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This will give you an idea of some of the activities we have enjoyed. Each month we have six to ten activities to choose from in addition to our monthly Member Meetings and Special Interest Groups (book clubs, coffees, French lessons, brunches and other get togethers). We are a busy group!
The Ladies of the Marais Walking Tour
Discover some of the oldest hôtels particuliers (town mansions) of the Marais district through the story of their illustrious owners and the few well-to-do women who ran them: aristocrats, courtesans, rich widows, and wealthy daughters. Explore the streets they strode, admire the architectural settings of their lives, the style of the rooms they once inhabited and the objects they once cherished. The lives of the Ladies of the Marais, full of anecdote and a wit that is so vividly revealed in their journals, reflect the realities of the prosperous society of the Grand Siècle in which they lived. This is a walking tour, so comfortable shoes are recommended.
French 18th Century Interiors (part 3)
Listen as Kelly teaches us how to recognize the different periods ofFrench furniture through the knowledge of the symbols and codes that distinguish each style. Looking closely at the creations of famous French ebenistes, we can read in them, their account of the fashions, the social habits and the cultural legacy of the previous centuries.
The superbly restored Museum of Decorative Arts dazzles the visitor with its extensive furniture collection set in original period rooms. Many of the rooms were transported here with all of their original contents. In many cases, these rooms narrowly escaped destruction when their original settings (which ranged from town mansions, private clubs, to convents and priories) were demolished. The study of the excessive opulence of a privileged society with a taste for abundant ornamentation helps us appreciate the desire for sombre grandeur of the enlightenment’s “modernists”, and their search for purity and new sources of inspiration – design values still sought after today. Each tour stands on its own, no prior tour knowledge necessary.
Art Deco (Part I): Musée des Années Trente
The theme of the visit is the discovery of the Art Deco Period! This artistic and design style was born in Paris before flourishing internationally. This discreet museum possesses world-renowned pieces from the 1920′s and 1930′s in its permanent collection and we are fortunate to be also visiting special exhibits on Christofle silver and silver plate, Deco pieces from the “Design Industriel” period, and drawings and engravings by the 30′s graveur-dessinateur Raphaël Drouart. In addition, there will be a new exposition on the animal sculptures of Bugatti.
This class is the first of a 2 part series on the Art Deco Period. After Sandy’s highly successful series of classes centering on the Art Nouveau period earlier this year, she leads us now into the amazing world of Art Deco 1930′s Paris. This museum is the best and foremost example of Decorative Arts from this important period.
Smart Lunch – Café Lecture: Paris Commune of 1871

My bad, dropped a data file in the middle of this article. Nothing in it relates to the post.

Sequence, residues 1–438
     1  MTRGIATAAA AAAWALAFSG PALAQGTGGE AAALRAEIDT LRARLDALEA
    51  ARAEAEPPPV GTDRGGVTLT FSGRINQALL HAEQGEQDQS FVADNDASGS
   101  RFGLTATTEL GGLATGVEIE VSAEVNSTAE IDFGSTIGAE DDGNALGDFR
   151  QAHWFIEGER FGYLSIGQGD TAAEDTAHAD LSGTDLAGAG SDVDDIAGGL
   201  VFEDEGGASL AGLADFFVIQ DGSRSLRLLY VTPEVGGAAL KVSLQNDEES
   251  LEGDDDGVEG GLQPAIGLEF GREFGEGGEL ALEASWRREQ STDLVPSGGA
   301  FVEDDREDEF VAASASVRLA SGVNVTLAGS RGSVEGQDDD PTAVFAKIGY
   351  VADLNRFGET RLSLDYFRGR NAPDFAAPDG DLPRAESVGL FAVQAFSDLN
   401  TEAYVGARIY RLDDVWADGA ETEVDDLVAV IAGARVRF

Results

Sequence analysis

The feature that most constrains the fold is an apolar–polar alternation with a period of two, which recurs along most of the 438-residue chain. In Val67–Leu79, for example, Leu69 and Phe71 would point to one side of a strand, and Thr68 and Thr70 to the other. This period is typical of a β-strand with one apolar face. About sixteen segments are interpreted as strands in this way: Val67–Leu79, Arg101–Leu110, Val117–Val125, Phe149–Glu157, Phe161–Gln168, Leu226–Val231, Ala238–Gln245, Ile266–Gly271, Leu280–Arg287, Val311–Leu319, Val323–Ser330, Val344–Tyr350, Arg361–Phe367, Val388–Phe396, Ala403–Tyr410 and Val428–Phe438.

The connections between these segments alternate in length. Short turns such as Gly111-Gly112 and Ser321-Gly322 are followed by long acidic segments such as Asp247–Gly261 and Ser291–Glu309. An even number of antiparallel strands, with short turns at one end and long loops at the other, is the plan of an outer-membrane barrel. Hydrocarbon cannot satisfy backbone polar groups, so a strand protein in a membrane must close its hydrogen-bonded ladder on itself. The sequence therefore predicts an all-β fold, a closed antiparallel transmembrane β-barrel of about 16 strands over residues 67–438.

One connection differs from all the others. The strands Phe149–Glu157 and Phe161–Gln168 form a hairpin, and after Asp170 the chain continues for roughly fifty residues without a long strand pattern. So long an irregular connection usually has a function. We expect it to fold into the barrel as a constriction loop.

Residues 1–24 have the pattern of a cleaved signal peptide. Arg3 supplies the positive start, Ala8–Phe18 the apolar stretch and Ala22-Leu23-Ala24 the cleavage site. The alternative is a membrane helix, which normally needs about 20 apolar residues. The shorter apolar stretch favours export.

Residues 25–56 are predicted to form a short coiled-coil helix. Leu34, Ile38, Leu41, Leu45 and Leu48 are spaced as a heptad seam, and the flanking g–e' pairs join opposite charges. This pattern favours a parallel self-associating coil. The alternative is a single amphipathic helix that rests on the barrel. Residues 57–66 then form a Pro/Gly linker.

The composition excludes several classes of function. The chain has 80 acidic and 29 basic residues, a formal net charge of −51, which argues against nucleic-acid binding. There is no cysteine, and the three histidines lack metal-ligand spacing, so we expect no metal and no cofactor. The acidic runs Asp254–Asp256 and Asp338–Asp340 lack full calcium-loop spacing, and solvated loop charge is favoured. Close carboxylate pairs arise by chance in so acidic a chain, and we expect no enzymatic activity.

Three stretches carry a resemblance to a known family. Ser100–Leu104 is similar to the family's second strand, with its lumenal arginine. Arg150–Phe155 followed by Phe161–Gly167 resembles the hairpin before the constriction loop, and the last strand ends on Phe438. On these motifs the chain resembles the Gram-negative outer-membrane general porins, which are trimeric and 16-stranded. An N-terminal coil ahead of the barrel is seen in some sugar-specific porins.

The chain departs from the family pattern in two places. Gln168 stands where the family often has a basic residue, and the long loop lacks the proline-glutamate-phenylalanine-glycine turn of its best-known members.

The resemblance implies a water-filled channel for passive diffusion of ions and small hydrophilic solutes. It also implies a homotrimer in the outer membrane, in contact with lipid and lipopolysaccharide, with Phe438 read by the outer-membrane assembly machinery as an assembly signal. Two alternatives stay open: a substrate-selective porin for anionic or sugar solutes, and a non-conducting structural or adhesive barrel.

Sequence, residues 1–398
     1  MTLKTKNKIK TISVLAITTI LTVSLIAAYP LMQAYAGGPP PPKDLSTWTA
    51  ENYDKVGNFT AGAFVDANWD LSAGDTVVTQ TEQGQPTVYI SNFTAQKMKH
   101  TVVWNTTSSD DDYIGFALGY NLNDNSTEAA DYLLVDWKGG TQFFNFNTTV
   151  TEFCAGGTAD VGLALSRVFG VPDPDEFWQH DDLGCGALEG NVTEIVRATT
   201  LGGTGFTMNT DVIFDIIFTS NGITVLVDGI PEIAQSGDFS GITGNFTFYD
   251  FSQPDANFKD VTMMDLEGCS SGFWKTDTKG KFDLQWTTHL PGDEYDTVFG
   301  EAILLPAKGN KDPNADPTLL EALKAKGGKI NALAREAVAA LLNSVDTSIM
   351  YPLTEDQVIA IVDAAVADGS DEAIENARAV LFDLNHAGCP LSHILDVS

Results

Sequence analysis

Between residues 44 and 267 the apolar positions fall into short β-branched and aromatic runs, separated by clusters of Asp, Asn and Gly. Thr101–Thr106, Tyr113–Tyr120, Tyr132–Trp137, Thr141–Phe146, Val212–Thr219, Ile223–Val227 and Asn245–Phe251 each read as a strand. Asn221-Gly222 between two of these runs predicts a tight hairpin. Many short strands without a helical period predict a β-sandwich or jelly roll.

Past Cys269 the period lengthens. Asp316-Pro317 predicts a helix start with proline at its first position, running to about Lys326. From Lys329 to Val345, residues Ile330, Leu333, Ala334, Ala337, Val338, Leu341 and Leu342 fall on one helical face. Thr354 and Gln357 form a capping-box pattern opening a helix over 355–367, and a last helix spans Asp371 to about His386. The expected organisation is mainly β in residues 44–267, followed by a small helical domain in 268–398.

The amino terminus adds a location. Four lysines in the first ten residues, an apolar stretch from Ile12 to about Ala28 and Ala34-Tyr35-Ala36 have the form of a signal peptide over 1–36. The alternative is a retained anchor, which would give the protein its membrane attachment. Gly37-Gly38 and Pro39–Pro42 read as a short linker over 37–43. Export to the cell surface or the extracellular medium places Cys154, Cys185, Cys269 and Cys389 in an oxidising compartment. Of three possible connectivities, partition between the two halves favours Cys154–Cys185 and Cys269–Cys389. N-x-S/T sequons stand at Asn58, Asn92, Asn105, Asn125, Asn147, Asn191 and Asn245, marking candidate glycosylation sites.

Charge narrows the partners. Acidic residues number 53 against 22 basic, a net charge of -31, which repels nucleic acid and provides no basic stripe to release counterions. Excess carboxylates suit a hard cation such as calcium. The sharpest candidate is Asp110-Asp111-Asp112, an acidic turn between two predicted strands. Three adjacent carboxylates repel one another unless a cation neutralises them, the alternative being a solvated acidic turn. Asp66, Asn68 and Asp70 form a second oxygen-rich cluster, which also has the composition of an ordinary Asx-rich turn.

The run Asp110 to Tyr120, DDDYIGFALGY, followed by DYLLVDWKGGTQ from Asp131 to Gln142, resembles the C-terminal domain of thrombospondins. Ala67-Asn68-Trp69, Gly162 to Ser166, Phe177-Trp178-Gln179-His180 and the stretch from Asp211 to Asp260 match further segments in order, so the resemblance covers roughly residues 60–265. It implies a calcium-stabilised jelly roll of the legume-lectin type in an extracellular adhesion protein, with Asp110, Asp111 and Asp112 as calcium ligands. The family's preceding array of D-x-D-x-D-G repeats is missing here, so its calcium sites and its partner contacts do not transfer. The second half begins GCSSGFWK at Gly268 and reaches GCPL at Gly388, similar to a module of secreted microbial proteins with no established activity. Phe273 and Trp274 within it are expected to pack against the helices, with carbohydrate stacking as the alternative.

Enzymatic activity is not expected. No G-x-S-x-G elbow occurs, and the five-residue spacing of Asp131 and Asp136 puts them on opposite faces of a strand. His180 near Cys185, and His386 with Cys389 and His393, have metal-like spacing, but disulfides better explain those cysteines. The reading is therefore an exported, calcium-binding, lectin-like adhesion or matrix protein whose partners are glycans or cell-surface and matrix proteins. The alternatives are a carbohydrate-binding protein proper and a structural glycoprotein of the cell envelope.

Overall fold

Everybody knows about the French Revolution. But what do you know about the strange, strong and strident Paris Commune of 1871? The one when Paris actually seceded from France, when the French government actually bombarded Paris? Hailed as the first assumption of power by the working class during the Industrial Revolution, the conditions under which the Paris Commune formed, its controversial decrees, and its violent end make its tenure, though short, one of the more important political episodes of the time. Jean-Manuel will help us tuck right into that story of hope, anger, and fear, of dreams and slaughter, of high principles and hard bullets.
And before Jean-Manuel’s stories, we will have a nice lunch to tuck into, if you wish, at Brasserie Alaux.
Hôtel de Beauvais
Don’t miss this chance to explore the fascinating history of the Hôtel de Beauvais, one of the grandest of the former Marais palaces. Built by the royal architect Antoine Le Pautre for Catherine Beauvais, first lady to Anne of Austria, in 1657, it is an excellent example of French Baroque architecture. In addition to a rich architecture, it has welcomed some renowned visitors. In 1763 the hotel came into possession of the Bavarian ambassador, who received a visit that year from Mr. Leopold Mozart, his wife, and children, including Wolfgang, age seven.
Lighthouses: Musée Nationale de la Marine
France has a long coastline and a rich lighthouse heritage. We have an opportunity to visit a special exposition dedicated to the Lighthouse. The history of these French monuments begins with the lighthouse of Cordouan, built in 1611. Today, 150 “sentinels of the seas” echo their light beams on France’s 5500 km of coastline (mainland and overseas). In the nineteenth century, it was in Paris that the industrial age of light beams began: research, laboratory science, manufacturing. With the Eiffel Tower as its emblem, Paris was truly the “capital of spotlights.”
Isolated, often living in harsh conditions, men and women, whose job has now disappeared, gave life daily to these “fires of the sea”. In this exposition, we’ll explore their stories as well as the scientific and technical development of the Lighthouse.